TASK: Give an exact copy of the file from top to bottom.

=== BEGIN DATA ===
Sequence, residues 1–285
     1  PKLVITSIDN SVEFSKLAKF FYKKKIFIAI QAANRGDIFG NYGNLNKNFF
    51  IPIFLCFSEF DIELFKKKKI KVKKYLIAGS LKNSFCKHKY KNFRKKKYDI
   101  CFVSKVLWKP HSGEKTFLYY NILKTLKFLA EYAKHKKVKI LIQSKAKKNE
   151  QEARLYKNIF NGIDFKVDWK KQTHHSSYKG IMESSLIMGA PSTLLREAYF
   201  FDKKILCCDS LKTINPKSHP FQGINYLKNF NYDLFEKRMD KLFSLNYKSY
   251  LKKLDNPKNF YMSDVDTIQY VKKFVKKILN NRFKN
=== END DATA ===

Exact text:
Sequence, residues 1–285
     1  PKLVITSIDN SVEFSKLAKF FYKKKIFIAI QAANRGDIFG NYGNLNKNFF
    51  IPIFLCFSEF DIELFKKKKI KVKKYLIAGS LKNSFCKHKY KNFRKKKYDI
   101  CFVSKVLWKP HSGEKTFLYY NILKTLKFLA EYAKHKKVKI LIQSKAKKNE
   151  QEARLYKNIF NGIDFKVDWK KQTHHSSYKG IMESSLIMGA PSTLLREAYF
   201  FDKKILCCDS LKTINPKSHP FQGINYLKNF NYDLFEKRMD KLFSLNYKSY
   251  LKKLDNPKNF YMSDVDTIQY VKKFVKKILN NRFKN